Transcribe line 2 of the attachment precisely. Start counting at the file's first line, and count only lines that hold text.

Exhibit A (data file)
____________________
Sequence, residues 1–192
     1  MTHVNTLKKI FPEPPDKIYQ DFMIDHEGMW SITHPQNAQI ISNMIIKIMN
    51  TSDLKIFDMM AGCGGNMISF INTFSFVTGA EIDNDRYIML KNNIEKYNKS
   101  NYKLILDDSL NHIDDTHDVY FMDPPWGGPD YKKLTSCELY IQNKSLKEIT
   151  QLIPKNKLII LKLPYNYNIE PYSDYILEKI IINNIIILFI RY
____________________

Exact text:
     1  MTHVNTLKKI FPEPPDKIYQ DFMIDHEGMW SITHPQNAQI ISNMIIKIMN